What’s most obvious here is that I was rather shallow as a child, but that’s hardly my point. The point is, these fantasies–however superficial–gave me things to work toward in my real day to day life. They were the things my young mind naturally gravitated toward–the things I was most passionate about at the time (boys, duh).
As I grew older, these bedtime fantasies matured along with me. I envisioned what my life at college would look like. I conjured up opening paragraphs for essays I had to write. I imagined what a semester spent abroad would do for my language skills. Ideas swirled around in a constant flow, sometimes begging for my attention so feverishly, they couldn’t be ignored.
Instead of putting me to sleep as my innocent childhood fantasies had, suddenly these visions of the future were keeping me up at night. I’d leap out of bed to write down my ideas before they faded into memory forever.
In hindsight, it’s easy to see that these were simply the ideas that lit a fire within me–the ones born of passion and purpose rather than reason and practicality–and now wish I had paid much closer attention.
I often wonder how many years I spent chasing the wrong dream because I listened to logic instead of my heart. The ideas that fill you with wonder and excitement have a habit of coming to you at night–I was foolish enough not to pursue them, but you don’t have to repeat my mistake.
3. What do you gravitate toward in your free time?
I have always, ALWAYS loved photography. My mom would probably be horrified to know how much money I
wasted spent on disposable cameras and photo prints as a pre-teen. I wasn’t good at photography, mind you–I just enjoyed the hell out of it and picked up a camera whenever I got the chance.
In my college years, I shared a new photo album on Facebook every weekend, each one typically containing a hundred photos or more. Again, I wasn’t showcasing any special talent, I just enjoyed freezing a moment in time and looking back on that moment fondly at some point down the road.
Had I not been so laser-focused on the “right” path (that turned out to be very wrong), perhaps I’d have taken the time to pursue some actual photography training. Instead, I continued on as a hobbyist for many years, slowly learning and steadily improving, never thinking it would blossom into anything more.
Fast-forward to present day, and photography is an enormous part of my daily life as a content creator. It’s not my full-time job, but it plays a role–and the fact that something I love so much actually helps me pay the bills? It still floors me every day.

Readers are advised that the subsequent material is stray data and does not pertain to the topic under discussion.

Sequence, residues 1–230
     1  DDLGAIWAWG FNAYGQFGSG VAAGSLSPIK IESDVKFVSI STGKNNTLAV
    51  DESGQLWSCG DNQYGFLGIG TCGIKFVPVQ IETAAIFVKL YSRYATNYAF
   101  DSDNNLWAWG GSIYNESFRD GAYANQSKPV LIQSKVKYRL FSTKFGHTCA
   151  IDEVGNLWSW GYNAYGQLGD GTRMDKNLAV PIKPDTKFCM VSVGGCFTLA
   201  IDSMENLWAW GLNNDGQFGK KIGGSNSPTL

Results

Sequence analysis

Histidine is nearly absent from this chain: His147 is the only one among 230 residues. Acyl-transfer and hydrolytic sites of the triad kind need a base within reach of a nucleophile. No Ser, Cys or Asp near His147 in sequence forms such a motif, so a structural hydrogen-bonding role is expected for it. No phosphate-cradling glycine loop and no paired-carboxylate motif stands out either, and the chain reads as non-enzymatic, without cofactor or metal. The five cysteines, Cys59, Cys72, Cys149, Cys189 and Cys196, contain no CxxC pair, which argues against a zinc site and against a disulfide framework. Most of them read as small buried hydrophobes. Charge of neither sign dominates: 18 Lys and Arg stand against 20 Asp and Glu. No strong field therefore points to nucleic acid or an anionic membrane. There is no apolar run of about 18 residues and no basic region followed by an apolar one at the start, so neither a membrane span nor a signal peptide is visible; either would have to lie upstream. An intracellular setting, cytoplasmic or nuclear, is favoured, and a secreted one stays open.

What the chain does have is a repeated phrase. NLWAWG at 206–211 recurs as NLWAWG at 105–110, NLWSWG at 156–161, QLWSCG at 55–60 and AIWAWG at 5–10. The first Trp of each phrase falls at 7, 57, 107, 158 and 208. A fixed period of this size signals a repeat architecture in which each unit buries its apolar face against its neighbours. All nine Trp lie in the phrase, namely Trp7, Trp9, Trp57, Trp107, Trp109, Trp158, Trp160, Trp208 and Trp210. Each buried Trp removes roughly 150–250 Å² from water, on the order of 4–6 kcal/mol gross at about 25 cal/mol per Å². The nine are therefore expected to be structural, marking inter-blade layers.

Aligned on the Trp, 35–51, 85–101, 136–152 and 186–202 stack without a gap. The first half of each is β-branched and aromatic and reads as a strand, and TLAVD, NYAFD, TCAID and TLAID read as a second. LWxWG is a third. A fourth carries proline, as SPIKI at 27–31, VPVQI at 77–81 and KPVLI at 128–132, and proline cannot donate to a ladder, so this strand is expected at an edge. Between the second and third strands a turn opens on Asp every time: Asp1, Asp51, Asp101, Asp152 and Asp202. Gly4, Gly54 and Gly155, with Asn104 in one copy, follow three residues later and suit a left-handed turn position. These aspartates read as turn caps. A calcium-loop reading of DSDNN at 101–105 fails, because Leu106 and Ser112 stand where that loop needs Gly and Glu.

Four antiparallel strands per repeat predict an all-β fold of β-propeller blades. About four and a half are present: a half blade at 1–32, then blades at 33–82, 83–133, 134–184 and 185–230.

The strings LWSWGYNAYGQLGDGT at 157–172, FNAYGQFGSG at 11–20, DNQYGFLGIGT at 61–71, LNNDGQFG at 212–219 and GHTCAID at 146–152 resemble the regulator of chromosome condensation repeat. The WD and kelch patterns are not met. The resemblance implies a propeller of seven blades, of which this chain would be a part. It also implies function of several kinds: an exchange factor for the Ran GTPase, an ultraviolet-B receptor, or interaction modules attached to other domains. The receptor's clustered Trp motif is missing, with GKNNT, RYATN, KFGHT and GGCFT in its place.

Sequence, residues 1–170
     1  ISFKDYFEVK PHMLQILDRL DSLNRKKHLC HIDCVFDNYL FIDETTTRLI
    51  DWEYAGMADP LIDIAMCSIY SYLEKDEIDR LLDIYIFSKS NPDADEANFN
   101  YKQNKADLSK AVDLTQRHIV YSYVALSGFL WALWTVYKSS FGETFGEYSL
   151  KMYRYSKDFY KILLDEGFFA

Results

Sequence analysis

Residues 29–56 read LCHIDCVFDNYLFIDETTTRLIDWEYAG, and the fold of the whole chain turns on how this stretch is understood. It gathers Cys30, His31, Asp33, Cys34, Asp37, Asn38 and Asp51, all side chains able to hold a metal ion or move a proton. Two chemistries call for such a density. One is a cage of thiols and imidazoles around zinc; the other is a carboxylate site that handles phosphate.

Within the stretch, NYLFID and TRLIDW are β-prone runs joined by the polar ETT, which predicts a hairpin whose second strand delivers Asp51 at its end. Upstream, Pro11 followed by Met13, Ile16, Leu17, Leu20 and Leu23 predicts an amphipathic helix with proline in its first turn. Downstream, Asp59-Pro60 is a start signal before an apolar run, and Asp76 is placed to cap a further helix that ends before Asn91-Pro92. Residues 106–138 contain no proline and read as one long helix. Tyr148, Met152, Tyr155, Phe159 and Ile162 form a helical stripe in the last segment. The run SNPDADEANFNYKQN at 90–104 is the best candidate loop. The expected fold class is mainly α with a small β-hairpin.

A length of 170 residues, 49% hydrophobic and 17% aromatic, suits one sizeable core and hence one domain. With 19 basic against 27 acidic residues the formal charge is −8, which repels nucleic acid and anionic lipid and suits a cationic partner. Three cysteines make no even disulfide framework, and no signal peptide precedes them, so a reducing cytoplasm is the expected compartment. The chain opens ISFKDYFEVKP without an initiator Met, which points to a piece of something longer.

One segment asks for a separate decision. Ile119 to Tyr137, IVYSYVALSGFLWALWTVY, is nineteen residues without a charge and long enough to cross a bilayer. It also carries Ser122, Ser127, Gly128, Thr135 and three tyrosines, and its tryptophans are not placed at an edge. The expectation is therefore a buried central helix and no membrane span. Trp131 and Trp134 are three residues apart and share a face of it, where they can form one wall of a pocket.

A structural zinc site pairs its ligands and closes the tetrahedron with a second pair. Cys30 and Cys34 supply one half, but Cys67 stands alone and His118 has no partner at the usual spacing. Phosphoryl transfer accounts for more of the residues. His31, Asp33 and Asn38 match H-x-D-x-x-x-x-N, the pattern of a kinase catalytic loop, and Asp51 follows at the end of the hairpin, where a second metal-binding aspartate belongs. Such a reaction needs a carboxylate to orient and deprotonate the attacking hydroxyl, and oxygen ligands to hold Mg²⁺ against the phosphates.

“Do what you love and you’ll never work a day in your life.” It’s fairly uncertain who spoke these words for the first time, but there’s no question that they’re true.
What is it that calls to you when you’re not at your day job? What could you do for days on end without getting bored? That activity that attracts you to it like a magnet might just be the thing you are meant to pursue.
We all have passions. Not all of them are suitable career paths, but I guarantee some of them are–and perhaps not in the most obvious way, but they are worth investigating nonetheless. I didn’t become a professional photographer in the traditional sense, but I still get to geek out over new photography gear and write it off as a business expense, so I call that a win.
Never let a lack of skills or expertise convince you that you’re not meant to do something, either. Everything in life can be learned so long as you have the patience.
4. If you knew your life was going to end in 6 months, how would you spend your final days?
This question might seem a lot like the last, but it’s actually meant to suss out something slightly different. Thinking about how you’d spend your days if they were limited can help you discover your passions, but also what is most important to you in life.
With limited time, we are forced to prioritize. Suddenly, there is only room for the things that truly matter–the things that bring us joy and make us feel alive.
For me, few things compete with the feeling of touching down in a new city for the first time. Our world is impossibly beautiful and diverse, and seeing as much of it as I can has long been a top priority for me, hence why I felt compelled to create a career that could travel along with me.